On June 12, 1987, President Ronald Reagan declared, "Mr. Gorbachev, tear down this wall!" It was our generation's equivalent to "Remember the Alamo!" This month we celebrate the 20th anniversary of this wonderful declaration for the cause of freedom on behalf of repressed people in Central and Eastern Europe. We should renew our shared commitment with our allies in Europe because it is the transatlantic relationship that is America's anchor for global engagement.
Although Ronald Reagan's words must have seemed like only a dream, they resonated in the hearts of East Berliners who led restricted, hopeless lives. The dream of freedom did come true because of the steadfast, essential political and logistical support of Prime Minister Margaret Thatcher and Chancellor Helmut Kohl. The moral compass was provided by the respected Pope John Paul II. And Lech Walesa, behind the Iron Curtain in Poland, had freedom lovers all over the world in solidarity with their cause.
Since the fall of the Berlin Wall in 1989, it has become clear how beneficial a free, prospering, and whole Europe is to the transatlantic community. Germany is no longer a borderland. Many of the Central European states have joined us in Iraq and Afghanistan. But a central challenge today is Americans' and Europeans' lack a unity of purpose and shared definition of the threats we face.
President Bush embarks this week on a trip to a free Europe. On this trip—he is visiting Germany, Poland, Italy, Czech Republic, Albania, and Bulgaria—he must make clear to European partners that American leaders see the transatlantic relationship as our anchor for global engagement. He must also identify steps America and Europe should take jointly to address our shared challenges and worldwide threats.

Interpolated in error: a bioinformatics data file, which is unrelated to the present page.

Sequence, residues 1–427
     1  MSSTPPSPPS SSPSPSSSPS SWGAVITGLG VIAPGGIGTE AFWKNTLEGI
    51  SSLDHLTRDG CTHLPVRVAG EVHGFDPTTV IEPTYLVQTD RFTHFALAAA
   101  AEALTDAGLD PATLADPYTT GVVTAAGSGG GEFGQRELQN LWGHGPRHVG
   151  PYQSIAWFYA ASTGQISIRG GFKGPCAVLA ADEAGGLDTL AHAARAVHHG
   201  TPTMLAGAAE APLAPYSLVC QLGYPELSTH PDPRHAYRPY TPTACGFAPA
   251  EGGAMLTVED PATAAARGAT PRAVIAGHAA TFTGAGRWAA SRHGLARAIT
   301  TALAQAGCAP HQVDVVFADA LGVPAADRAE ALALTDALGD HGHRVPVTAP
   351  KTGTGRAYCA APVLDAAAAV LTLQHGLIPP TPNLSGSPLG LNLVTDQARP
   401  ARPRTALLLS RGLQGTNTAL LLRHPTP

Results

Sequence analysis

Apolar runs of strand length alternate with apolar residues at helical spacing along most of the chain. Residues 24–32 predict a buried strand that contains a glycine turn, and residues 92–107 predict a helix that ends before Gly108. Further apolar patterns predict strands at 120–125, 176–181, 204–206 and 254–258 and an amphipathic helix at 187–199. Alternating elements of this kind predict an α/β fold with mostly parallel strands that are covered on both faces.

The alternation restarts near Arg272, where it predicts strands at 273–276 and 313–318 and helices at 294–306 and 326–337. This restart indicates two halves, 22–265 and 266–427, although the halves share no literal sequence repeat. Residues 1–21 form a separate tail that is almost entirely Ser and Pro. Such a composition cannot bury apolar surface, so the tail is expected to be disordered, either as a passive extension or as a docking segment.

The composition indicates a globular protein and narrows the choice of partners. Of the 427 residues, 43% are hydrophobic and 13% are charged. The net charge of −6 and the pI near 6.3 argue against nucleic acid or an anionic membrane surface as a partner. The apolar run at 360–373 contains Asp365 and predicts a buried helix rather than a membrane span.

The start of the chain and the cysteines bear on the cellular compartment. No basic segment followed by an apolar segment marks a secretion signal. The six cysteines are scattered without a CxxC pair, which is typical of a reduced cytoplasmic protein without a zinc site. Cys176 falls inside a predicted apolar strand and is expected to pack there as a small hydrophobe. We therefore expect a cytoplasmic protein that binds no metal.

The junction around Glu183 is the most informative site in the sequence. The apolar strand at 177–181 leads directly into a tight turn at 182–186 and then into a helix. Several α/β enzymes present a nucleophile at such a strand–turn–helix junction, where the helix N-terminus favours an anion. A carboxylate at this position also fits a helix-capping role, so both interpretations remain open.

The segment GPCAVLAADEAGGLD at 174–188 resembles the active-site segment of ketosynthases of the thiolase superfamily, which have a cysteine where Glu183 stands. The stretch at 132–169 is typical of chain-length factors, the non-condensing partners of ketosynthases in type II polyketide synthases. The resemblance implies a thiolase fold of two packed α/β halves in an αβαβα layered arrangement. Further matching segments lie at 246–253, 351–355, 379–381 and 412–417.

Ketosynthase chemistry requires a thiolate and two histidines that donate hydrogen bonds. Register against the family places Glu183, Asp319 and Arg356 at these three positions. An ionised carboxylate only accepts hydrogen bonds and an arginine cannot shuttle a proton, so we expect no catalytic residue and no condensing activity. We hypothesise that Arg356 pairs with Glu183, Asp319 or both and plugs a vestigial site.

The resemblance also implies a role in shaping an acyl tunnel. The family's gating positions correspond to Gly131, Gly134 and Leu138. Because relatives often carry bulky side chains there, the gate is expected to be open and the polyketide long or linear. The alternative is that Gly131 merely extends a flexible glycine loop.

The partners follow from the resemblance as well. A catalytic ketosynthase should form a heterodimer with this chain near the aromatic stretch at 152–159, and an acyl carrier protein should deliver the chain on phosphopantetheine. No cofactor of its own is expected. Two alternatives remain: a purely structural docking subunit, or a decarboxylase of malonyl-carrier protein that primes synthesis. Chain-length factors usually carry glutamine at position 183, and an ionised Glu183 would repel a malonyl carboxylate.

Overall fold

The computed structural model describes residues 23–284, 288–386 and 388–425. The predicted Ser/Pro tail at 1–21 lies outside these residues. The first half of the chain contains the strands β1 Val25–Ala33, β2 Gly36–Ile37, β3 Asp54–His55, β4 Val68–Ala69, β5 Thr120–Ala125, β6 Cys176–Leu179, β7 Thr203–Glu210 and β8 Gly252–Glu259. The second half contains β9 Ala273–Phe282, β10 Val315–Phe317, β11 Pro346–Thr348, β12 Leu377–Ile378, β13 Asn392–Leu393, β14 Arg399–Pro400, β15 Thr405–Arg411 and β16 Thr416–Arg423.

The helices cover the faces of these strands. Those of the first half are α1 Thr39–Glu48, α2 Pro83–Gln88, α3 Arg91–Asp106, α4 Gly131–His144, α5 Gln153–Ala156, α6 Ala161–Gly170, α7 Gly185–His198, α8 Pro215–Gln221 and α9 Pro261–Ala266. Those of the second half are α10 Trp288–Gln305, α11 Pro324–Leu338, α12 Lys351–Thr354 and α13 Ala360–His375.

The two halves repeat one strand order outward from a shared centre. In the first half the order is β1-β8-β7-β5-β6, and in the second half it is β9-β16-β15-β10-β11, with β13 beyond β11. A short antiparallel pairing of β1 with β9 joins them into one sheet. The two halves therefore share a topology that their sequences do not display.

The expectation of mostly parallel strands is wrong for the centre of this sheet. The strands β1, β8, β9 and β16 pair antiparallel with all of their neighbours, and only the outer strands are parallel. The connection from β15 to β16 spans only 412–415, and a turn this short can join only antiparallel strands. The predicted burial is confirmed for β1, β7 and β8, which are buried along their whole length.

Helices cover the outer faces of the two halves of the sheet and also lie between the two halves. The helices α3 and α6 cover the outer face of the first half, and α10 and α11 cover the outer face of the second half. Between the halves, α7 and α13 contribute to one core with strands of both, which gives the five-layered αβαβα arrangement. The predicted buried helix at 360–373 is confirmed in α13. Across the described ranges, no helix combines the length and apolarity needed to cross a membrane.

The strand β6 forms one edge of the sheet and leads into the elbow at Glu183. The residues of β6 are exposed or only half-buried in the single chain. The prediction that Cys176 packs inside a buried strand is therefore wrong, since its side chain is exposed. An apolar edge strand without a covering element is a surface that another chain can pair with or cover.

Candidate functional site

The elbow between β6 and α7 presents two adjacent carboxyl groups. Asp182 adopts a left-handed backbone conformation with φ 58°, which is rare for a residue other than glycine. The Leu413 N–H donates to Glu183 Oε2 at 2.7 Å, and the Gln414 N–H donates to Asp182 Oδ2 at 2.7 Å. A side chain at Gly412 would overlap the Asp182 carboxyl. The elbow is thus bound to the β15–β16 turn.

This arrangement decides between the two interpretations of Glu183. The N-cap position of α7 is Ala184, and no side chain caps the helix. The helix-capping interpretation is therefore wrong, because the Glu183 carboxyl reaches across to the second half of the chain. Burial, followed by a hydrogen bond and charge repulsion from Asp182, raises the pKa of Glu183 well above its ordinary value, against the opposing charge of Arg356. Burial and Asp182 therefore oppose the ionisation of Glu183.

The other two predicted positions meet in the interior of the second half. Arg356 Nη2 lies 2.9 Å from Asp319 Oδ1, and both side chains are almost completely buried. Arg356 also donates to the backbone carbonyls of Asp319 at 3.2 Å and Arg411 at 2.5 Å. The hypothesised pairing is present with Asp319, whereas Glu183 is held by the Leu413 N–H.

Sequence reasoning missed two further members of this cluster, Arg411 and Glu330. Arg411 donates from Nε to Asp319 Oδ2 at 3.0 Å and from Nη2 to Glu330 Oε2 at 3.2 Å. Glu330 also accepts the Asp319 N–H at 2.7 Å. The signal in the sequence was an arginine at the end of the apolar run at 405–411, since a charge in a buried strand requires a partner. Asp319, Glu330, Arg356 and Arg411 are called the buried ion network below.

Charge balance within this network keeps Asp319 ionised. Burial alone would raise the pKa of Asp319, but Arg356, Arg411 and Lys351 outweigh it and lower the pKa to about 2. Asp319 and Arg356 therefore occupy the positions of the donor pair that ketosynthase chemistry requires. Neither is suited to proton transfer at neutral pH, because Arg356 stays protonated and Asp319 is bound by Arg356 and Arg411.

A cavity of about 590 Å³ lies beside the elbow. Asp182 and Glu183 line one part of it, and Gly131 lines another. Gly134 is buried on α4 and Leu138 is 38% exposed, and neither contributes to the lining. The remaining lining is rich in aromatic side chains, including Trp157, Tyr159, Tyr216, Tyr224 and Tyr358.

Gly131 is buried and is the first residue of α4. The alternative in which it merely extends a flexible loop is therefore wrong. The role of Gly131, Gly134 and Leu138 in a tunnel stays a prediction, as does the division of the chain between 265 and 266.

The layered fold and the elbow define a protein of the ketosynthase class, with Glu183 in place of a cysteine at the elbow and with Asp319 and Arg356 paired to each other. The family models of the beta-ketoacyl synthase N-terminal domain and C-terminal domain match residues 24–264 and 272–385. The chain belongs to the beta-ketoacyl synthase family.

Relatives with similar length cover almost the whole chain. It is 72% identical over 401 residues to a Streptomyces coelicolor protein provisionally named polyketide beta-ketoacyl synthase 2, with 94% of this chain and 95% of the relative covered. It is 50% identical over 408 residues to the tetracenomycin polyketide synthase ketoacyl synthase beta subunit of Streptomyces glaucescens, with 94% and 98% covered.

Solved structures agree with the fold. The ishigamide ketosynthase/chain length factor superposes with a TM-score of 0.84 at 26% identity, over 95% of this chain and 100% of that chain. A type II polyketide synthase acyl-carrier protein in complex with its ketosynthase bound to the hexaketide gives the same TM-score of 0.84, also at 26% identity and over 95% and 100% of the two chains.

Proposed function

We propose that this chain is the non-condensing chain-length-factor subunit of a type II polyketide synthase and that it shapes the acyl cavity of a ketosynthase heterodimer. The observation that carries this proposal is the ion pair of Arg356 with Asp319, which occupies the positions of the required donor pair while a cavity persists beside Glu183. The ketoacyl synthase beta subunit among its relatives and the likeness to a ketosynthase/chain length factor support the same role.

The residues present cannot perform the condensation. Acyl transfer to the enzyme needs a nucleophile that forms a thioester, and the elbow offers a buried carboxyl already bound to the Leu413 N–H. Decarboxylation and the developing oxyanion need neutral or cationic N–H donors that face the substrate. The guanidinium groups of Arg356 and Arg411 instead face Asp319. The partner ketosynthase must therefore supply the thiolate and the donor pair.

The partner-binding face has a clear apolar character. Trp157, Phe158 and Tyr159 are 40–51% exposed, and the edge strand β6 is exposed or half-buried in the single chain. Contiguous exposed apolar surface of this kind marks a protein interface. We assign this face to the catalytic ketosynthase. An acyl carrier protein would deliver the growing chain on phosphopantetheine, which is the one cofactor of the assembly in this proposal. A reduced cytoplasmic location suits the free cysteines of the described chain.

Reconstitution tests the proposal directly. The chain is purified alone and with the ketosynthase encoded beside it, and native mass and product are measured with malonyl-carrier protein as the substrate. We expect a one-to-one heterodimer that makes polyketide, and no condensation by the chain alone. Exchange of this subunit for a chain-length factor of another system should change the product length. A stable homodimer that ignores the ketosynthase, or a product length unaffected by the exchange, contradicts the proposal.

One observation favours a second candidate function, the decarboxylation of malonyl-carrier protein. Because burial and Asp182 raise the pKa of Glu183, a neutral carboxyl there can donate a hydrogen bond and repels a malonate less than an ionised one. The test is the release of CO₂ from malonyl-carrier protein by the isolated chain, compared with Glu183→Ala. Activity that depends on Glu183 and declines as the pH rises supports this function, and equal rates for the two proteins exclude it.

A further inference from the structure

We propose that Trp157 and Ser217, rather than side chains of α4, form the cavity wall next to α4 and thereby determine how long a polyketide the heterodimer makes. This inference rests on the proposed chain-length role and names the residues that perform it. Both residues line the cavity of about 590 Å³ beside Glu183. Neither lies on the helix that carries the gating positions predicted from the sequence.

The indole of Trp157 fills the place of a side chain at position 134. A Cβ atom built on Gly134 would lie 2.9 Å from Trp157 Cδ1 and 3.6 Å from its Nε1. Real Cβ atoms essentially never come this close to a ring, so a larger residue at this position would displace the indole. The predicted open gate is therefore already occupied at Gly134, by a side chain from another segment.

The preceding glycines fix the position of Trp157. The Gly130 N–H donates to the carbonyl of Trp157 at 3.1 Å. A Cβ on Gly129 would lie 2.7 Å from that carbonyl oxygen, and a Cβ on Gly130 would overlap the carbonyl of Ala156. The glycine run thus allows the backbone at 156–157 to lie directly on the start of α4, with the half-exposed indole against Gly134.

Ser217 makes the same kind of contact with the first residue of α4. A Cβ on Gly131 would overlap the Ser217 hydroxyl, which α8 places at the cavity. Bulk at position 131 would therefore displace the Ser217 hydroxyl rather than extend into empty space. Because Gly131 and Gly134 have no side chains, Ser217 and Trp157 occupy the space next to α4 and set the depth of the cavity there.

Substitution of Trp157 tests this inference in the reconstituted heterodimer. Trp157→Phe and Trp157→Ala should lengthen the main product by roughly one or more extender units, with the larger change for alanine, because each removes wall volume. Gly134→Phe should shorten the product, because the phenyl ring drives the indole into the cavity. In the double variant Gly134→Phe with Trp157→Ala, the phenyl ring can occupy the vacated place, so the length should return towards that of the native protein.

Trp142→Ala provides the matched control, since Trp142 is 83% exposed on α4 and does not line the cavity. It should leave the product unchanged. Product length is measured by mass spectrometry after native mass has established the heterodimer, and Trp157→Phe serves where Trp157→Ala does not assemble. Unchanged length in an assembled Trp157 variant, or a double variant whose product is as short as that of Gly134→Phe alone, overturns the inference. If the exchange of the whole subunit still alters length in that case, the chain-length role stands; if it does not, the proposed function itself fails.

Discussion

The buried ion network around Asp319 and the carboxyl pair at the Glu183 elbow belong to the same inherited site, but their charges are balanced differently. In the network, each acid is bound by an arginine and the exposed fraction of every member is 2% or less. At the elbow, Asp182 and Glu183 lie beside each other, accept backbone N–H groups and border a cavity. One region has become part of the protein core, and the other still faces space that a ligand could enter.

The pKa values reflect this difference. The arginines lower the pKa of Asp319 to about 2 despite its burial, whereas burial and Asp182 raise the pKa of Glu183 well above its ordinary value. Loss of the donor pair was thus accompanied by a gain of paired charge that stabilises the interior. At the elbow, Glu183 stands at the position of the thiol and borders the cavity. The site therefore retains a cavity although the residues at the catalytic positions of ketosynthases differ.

Counter-terrorism. Today's war on terror is global, and America's efforts are strengthened by our allies. We need Europe's help and capabilities now more than ever. Our model should be the cooperative spirit in which the Taliban was toppled in Afghanistan through the joint efforts of the United States, Europe, and our Afghan allies.
Russia. Russia has the potential to have a tremendous positive relationship with its neighbors, however the Kremlin's intimidating tactics against Estonia and the latest cyber attacks emanating from Russia are of serious concern. Russia should join Europeans in embracing freedom and prosperity. America and Europe must speak clearly to Russia; while Russia's international integration is highly desirable, Russia must realize that undercutting the sovereignty and independence of neighboring states is not acceptable.
George Allen is the former governor and senator from Virginia and Chairman of the European Affairs Subcommittee of the Senate Foreign Relations Committee. He is currently the Reagan Ranch Presidential Scholar for Young America’s Foundation.